The ten most popular schools this year are: Fleetdown Primary, Dartford, and Loose Primary, Maidstone both turning away 53 first choices; Great Chart, Ashford, 41; Holy Trinity and St John’s CofE, Margate, 38; St Joseph’s RC in Northfleet, Sandgate in Folkestone, and  Claremont in Tunbridge Wells all on 37; St Michael’s CofE Infant in Maidstone, 35, St Crispin’s Infant, Westgate on 34; and Herne Infant on 33.

At the other end of the scale, there are fourteen schools with 50% or more vacancies. 

I would encourage parents to apply to go on the waiting list for any of their preferences that have not been offered, as there will be movement over the next four months. This is your best chance of getting a school of your choice, as chances at appeal are generally very low because of Infant Class Legislation which legally restricts class sizes. For 2015 entry, of 426 primary appeals registered where Infant Class Legislation applied, just two were upheld.

Further details of the towns under most pressure follow, a more comprehensive picture being available  here. 


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This article looks across Kent to the key oversubscription and vacancy situations in grammar and non-selective schools,  the latter town by town. Pressure points such as Dartford Grammar, 226 first choice applications oversubscribed, one of the most academically successful schools in the county, followed by St George’s CofE Foundation School in Broadstairs, with 161 first choices turned away, second lowest performing school at GCSE in the county.

For further information on the story visit here for grammar schools and here for non-selective schools.

High vacancy rates, threatening a vicious circle of financial losses, which have led to the closure of four schools in the past three years, need to be tackled by Astor College, Castle Community College, Hayesbrook School, High Weald Academy, New Line Learning, and Swadelands School, all with over a third of their provision empty in Year 7.

Kent has seen an extra 704 places put into its secondary schools above the numbers planned for admission this, to meet rising rolls in several areas. As a result, the number of pupils offered their first choice rose by 363, and the number being offered none of their four choices fell by 213 children to just 428, the lowest figure for some years. However, this made little difference to the pressure on popular schools which has never been greater.'''


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State school educated children in Kent and Medway both maintain their above average performance at GCSE and A Level. Nationally, 57.1% of children achieved five GCSEs Grades A-C, including English and maths, up from 56.6% last year. However, both have slipped this year, Kent from 58.1% down to 57.3%, whilst Medway has declined from 58.8% to 57.8%.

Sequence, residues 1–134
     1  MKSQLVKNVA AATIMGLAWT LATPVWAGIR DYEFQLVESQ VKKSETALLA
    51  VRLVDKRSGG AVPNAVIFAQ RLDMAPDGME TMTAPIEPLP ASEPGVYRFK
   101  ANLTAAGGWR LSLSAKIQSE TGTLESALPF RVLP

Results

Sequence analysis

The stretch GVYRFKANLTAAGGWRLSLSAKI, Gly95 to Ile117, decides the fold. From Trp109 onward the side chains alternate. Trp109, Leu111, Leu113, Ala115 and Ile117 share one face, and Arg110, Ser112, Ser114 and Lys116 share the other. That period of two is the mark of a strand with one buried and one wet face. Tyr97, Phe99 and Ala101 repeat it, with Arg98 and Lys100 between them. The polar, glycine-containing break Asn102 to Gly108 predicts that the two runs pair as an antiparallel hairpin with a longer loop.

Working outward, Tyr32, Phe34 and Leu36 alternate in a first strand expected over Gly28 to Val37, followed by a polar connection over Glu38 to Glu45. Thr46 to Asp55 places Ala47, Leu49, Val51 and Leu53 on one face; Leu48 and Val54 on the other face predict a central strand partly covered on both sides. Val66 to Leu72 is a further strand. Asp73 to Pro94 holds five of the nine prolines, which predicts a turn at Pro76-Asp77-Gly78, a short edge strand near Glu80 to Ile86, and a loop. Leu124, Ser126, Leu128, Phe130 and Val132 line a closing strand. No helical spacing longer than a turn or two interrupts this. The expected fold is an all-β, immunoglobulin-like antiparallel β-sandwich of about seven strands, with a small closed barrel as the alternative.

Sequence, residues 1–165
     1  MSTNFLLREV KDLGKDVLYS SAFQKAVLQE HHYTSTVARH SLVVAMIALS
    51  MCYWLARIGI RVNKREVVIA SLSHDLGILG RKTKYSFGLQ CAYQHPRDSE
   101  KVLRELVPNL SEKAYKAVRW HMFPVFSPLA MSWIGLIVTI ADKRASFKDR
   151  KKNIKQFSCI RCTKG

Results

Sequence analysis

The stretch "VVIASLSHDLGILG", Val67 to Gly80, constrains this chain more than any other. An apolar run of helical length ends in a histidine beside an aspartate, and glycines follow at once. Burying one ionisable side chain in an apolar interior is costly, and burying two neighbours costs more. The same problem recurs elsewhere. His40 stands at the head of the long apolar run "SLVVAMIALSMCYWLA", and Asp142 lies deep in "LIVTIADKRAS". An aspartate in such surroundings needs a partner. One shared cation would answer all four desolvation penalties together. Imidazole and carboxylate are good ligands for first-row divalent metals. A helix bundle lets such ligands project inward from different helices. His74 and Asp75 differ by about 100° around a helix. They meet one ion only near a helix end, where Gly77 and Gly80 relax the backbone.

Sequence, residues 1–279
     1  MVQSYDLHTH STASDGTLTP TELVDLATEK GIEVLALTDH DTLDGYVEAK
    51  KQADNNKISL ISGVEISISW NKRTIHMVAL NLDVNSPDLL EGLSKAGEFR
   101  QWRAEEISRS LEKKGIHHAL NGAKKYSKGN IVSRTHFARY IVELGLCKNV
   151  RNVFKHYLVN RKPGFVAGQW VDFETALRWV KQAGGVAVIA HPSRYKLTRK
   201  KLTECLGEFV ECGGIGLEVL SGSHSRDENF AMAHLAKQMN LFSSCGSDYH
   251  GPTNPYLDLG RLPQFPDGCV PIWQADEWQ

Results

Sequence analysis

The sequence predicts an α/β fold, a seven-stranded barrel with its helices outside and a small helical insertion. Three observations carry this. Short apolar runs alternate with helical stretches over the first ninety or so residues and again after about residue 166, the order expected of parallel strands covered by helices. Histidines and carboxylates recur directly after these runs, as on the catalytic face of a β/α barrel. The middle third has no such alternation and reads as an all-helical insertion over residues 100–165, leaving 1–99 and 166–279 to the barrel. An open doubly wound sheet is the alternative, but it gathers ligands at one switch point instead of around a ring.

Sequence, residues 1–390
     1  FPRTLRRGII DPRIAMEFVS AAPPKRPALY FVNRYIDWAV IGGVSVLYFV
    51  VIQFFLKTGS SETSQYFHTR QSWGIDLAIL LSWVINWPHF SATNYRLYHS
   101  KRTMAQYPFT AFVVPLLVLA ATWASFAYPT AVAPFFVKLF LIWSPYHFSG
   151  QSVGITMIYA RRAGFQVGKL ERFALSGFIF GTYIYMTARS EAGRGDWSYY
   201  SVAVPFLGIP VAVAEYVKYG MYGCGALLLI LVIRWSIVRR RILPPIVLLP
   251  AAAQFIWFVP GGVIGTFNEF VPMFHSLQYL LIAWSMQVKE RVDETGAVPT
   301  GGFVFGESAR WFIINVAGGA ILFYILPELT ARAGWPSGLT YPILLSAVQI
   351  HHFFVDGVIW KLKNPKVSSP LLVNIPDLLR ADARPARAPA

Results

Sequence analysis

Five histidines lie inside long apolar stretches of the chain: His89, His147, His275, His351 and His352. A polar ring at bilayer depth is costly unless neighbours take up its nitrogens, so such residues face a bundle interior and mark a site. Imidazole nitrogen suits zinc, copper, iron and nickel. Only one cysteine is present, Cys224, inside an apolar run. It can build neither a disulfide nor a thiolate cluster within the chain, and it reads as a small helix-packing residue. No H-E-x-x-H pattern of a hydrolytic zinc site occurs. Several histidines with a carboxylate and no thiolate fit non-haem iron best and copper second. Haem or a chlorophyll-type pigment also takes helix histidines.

At A Level, a range of measures is available each of limited value, with Kent above national average  on point score per A Level entry, and below on percentage of students achieving three A Levels. In Medway, measures are generally slightly below national averages.

The Government twist on the GCSE story that any school below the government floor target of 40% of children gaining 5 Grades A-C including English and maths is failing is simply not valid in a selective county such as Kent. This is because on average 25 children out of every hundred all of whom should have reached the floor target are taken away from our non-selective schools. Simple arithmetic shows that removing these brings the floor target for non-selective schools down to 20% and by that measure, all but four in Kent are succeeding. My bigger concern is that too many selective schools are under achieving.

For me, the outstanding Kent highlights are: High Weald Academy in Cranbrook, at 59%, up from 31% in 2014, seventh best non-selective in Kent, still suffering from unfair lack of popularity with parents, dating back to its pre academy status as an OFSTED failed school; Bennett Memorial in Tunbridge Wells, at 72% still regularly highest performing non-selective school in Kent, Folkestone School for Girls, one of just two grammar schools with 100%, with Chatham Grammar School for Boys, on 99%, best performing Medway grammar, but in Special Measures just two years previously.  Dover Grammar School for Girls, the highest performing school in Kent at A Level, by point score per student comes above all the prestigious and super-selective grammar schools....


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Wednesday, 30 December 2015 01:48

KOS: Personal Review of Education Stories of 2015

As part of their Review of 2015, I was asked by Kent On Sunday to write an article about Education in Kent and Medway for the year. 

The article appeared under the following photo, taken at the recent Conference on the Kent Test, headed: "As pressure grows on teachers, is 2016 going to provide any relief? - Probably not according to former headteacher and education adviser Peter Read in his year report". 

KOS WK 44 15 Kent Test 0754 (2)

 

This is my personal choice of education stories affecting Kent and Medway children in 2015, most featured elsewhere on my website where you will find further details of all the items via the links. 

The key themes are the pressure on school places, the inexorable drive for higher examination performance, and  the frightening increase in turnover of teachers and headteachers - all certain to remain amongst the major stories in coming years.....


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 Kent Test Presentation